We walked heads down into the icy wind, my brothers and I, across a mile of barren wheat field under a lead gray sky. The expanse was a whitewashed playing field we could roam undisturbed for hours.  At the far end of the field was a long drainage ditch, and on our hike across the field, we stopped to place pieces of graham crackers that had broken off in our pockets at the openings of muskrat holes.  With snow welded to our mittens and our pockets stuffed with snacks, the day stretched out like miles before us.  The only rule of the day was be back for supper.  Of course we had no watches, but could sense and feel when it was time to turn back towards home.
The drainage ditch, filled with arching cattails in the fall, was smothered with four feet of soft powdery snow in early winter; the mere sight of it a treat to our creative energies.  One by one, we jumped with abandon into the untouched mounds.  Like off the diving board at the public pool, we leaped cannonball style, landing softly with a quiet muffled thud.  Gingerly we crawled out to higher ground, careful not to disturb the integrity of each hole and causing a cave-in.  Exhausting the length of the ditch we jumped and jumped until, like a strand of beads laid end to end, our string of hovels was complete.
            Inside one hole the three of us gathered, digging it larger and packing the sides to fit our bundled bodies. The energy of huddling created a cozy warmth, and pressed shoulder to shoulder, we talked excitedly about our newly created fort. Biting balls of ice off our mittens and eating crumbled peanut butter cookies wrapped by our mother in waxed paper, we sat in relative comfort, our voices thick in the dense air. Far above us, wisps of white clouds slipped across the gray winter sky.  
            Later we split up, one person to a hole. Within moments, I became restless and felt conspicuously alone. I called to my oldest brother but he couldn’t hear me two holes down, his name simply didn’t reach. Then the fear set in. Several years later, I'd feel that fear again, when I was six and a neighbor friend delivered me back home after a weekend away at their summer cottage on Lake Michigan.  It was the first time I had been apart from my family overnight, and I had adjusted well, until I got home.  The house was empty and pin-drop quiet, and it was as if my parents and three siblings had simply vanished from the face of the earth (they were next door; no need for alarm) Still, for a brief moment, I felt abandoned and alone. There was silence where I could only feel me, only hear me. Being alone was scary.
Though the unfamiliar  fear of silence grew around me, I stayed put.  Having learned how to avoid the label of ”cry baby” by my brothers, a manipulation they often used to prevent me from tattling on them or to toughen me up, I chose instead to be brave.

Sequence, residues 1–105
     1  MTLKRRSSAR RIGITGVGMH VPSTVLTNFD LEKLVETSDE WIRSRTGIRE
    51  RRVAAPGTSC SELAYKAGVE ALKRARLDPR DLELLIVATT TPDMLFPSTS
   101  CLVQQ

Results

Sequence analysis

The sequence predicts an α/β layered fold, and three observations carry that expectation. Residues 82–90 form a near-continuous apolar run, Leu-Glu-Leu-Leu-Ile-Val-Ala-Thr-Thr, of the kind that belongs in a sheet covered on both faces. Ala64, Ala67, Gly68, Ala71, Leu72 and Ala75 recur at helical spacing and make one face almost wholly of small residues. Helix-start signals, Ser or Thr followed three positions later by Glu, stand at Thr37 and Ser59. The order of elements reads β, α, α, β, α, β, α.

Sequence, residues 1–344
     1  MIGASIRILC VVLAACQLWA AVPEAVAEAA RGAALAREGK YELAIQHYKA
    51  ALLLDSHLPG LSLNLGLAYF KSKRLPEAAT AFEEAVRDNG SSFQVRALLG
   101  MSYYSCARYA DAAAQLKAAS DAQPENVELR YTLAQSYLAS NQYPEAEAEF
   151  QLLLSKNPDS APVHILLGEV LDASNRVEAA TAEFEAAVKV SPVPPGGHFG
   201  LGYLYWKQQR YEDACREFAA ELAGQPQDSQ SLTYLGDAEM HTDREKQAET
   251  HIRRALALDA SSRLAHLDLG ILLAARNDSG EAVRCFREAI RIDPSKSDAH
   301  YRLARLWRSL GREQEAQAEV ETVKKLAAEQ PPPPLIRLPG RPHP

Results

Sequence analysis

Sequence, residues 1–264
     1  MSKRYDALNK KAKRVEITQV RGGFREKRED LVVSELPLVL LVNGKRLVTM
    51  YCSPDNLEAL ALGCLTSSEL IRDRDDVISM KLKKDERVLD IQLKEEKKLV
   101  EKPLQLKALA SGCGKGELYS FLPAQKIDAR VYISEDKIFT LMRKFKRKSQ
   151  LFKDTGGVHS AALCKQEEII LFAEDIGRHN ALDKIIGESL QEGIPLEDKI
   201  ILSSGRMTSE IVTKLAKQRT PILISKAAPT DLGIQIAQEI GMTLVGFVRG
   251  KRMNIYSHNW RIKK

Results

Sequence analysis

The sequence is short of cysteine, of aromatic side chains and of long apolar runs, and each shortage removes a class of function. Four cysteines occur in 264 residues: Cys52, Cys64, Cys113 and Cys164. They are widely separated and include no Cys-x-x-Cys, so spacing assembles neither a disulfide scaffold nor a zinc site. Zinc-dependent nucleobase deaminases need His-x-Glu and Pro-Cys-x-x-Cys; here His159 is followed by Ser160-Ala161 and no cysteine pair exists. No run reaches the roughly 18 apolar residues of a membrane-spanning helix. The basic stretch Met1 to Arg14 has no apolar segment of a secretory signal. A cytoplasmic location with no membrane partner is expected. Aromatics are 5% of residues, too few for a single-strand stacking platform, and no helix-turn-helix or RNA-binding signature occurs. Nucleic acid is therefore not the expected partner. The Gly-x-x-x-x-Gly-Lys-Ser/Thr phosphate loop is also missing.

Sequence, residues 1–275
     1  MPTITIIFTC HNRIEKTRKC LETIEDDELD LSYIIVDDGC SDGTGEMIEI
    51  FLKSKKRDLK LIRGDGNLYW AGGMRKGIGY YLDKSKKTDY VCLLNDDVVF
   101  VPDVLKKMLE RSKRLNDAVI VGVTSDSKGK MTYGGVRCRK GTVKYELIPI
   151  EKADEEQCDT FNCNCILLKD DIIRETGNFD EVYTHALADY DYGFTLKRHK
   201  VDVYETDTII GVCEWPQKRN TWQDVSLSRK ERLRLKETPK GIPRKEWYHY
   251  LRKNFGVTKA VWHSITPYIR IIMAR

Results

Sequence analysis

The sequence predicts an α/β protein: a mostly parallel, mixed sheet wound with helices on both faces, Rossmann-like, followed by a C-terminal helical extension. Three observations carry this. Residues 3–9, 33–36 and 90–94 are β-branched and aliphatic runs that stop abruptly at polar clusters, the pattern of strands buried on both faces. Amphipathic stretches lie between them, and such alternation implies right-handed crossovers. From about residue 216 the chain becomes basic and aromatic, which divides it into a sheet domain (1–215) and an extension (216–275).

Rather than running from the silence, I sank into it.  Eventually I became aware of the muffled sounds of my mittens brushing against my wool coat, the huff of my breath going in and out, and beat of my heart.  If I were still enough, I almost heard nothing.  It didn’t take long to realize that I rather enjoyed the experience.  Nowhere in my small world was there a place this quiet and still; noise was constant and everywhere. The sound of TV variety shows in the background, the thump of bare feet on wooden stairs, the barking of dogs at night.  Even in church there was commotion.  Babies screeched; people coughed and cleared their throats, harsh organ music blared.  The silence, here, was to be cherished.
About the time my attention wandered to the cold seeping in around my shoulders, my eldest brother, on watch for my welfare, poked his head into the opening and with a bit of irritation asked, “What are you doin’?  How come you’re not comin’ out?”
After hours of rigorous play tired and hungry, we trudged back to our pink brick house on the dead-end street that bordered the snow-covered wheat field. That day in my self-made fort, a contrast had been noted, a small seed planted under my radar of everyday awareness.  There is an inner silence I can tap into that can be experienced anytime and anywhere; a place that is calming and grounding even in the midst of commotion and noise. There's no need to block out the silence; it's joyful, expansive and not the least bit scary.
I'm thinking of this today because it's a snow day. The trees are shawled with snow; the kids are sledding down their steep driveway ( school) and a neighbor hums by on his snowmachine while I dig myself out of my quiet hovel of a home. We are WINTER PEOPLE, and today is a SNOW DAY. Hallelujah.

2 more kids would arrive later
more mischief